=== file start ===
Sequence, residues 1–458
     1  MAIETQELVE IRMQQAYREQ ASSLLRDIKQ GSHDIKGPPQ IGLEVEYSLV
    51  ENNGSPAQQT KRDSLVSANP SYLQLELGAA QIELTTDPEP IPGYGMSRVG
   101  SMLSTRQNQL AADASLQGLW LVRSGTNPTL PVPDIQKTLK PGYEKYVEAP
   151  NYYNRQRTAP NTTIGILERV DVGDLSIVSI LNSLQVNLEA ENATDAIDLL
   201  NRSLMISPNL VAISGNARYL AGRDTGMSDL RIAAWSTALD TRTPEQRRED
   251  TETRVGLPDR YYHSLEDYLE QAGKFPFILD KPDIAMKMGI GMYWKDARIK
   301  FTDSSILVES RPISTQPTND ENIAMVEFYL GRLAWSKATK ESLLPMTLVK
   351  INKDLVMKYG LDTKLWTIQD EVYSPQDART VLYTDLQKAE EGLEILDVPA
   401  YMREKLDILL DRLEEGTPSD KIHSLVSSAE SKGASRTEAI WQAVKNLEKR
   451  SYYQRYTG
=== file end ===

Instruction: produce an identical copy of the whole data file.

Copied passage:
Sequence, residues 1–458
     1  MAIETQELVE IRMQQAYREQ ASSLLRDIKQ GSHDIKGPPQ IGLEVEYSLV
    51  ENNGSPAQQT KRDSLVSANP SYLQLELGAA QIELTTDPEP IPGYGMSRVG
   101  SMLSTRQNQL AADASLQGLW LVRSGTNPTL PVPDIQKTLK PGYEKYVEAP
   151  NYYNRQRTAP NTTIGILERV DVGDLSIVSI LNSLQVNLEA ENATDAIDLL
   201  NRSLMISPNL VAISGNARYL AGRDTGMSDL RIAAWSTALD TRTPEQRRED
   251  TETRVGLPDR YYHSLEDYLE QAGKFPFILD KPDIAMKMGI GMYWKDARIK
   301  FTDSSILVES RPISTQPTND ENIAMVEFYL GRLAWSKATK ESLLPMTLVK
   351  INKDLVMKYG LDTKLWTIQD EVYSPQDART VLYTDLQKAE EGLEILDVPA
   401  YMREKLDILL DRLEEGTPSD KIHSLVSSAE SKGASRTEAI WQAVKNLEKR
   451  SYYQRYTG